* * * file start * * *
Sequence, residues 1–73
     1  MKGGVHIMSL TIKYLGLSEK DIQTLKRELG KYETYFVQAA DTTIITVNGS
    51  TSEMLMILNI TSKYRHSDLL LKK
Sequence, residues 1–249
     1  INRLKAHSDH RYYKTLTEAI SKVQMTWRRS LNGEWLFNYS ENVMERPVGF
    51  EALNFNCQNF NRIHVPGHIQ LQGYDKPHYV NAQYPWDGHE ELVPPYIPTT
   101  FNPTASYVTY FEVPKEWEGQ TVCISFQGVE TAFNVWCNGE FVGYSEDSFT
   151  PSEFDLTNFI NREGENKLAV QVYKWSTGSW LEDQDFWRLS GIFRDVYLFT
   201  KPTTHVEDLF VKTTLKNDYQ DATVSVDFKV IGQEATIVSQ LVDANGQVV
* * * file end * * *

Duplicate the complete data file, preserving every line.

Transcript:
Sequence, residues 1–73
     1  MKGGVHIMSL TIKYLGLSEK DIQTLKRELG KYETYFVQAA DTTIITVNGS
    51  TSEMLMILNI TSKYRHSDLL LKK
Sequence, residues 1–249
     1  INRLKAHSDH RYYKTLTEAI SKVQMTWRRS LNGEWLFNYS ENVMERPVGF
    51  EALNFNCQNF NRIHVPGHIQ LQGYDKPHYV NAQYPWDGHE ELVPPYIPTT
   101  FNPTASYVTY FEVPKEWEGQ TVCISFQGVE TAFNVWCNGE FVGYSEDSFT
   151  PSEFDLTNFI NREGENKLAV QVYKWSTGSW LEDQDFWRLS GIFRDVYLFT
   201  KPTTHVEDLF VKTTLKNDYQ DATVSVDFKV IGQEATIVSQ LVDANGQVV